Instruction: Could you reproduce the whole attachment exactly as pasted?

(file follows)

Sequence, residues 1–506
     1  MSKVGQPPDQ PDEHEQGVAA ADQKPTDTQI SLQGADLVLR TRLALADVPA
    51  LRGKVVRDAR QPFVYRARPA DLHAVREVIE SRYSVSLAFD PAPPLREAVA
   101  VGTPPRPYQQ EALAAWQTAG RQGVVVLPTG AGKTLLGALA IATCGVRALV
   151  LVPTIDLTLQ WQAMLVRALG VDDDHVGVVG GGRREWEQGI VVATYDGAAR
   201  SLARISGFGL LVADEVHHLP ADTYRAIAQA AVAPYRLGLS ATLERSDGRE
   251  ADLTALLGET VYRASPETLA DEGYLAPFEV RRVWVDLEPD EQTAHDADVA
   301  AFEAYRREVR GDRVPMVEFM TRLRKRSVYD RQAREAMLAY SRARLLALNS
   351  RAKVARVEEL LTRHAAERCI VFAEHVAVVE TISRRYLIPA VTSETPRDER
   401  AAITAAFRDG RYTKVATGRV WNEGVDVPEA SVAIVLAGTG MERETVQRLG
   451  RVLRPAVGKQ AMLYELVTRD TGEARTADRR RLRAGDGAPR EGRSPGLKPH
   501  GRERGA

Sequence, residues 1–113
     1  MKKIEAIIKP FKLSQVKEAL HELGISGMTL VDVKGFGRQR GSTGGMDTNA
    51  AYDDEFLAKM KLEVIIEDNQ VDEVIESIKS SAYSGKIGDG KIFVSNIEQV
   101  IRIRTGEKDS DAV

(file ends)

Sequence, residues 1–506
     1  MSKVGQPPDQ PDEHEQGVAA ADQKPTDTQI SLQGADLVLR TRLALADVPA
    51  LRGKVVRDAR QPFVYRARPA DLHAVREVIE SRYSVSLAFD PAPPLREAVA
   101  VGTPPRPYQQ EALAAWQTAG RQGVVVLPTG AGKTLLGALA IATCGVRALV
   151  LVPTIDLTLQ WQAMLVRALG VDDDHVGVVG GGRREWEQGI VVATYDGAAR
   201  SLARISGFGL LVADEVHHLP ADTYRAIAQA AVAPYRLGLS ATLERSDGRE
   251  ADLTALLGET VYRASPETLA DEGYLAPFEV RRVWVDLEPD EQTAHDADVA
   301  AFEAYRREVR GDRVPMVEFM TRLRKRSVYD RQAREAMLAY SRARLLALNS
   351  RAKVARVEEL LTRHAAERCI VFAEHVAVVE TISRRYLIPA VTSETPRDER
   401  AAITAAFRDG RYTKVATGRV WNEGVDVPEA SVAIVLAGTG MERETVQRLG
   451  RVLRPAVGKQ AMLYELVTRD TGEARTADRR RLRAGDGAPR EGRSPGLKPH
   501  GRERGA

Sequence, residues 1–113
     1  MKKIEAIIKP FKLSQVKEAL HELGISGMTL VDVKGFGRQR GSTGGMDTNA
    51  AYDDEFLAKM KLEVIIEDNQ VDEVIESIKS SAYSGKIGDG KIFVSNIEQV
   101  IRIRTGEKDS DAV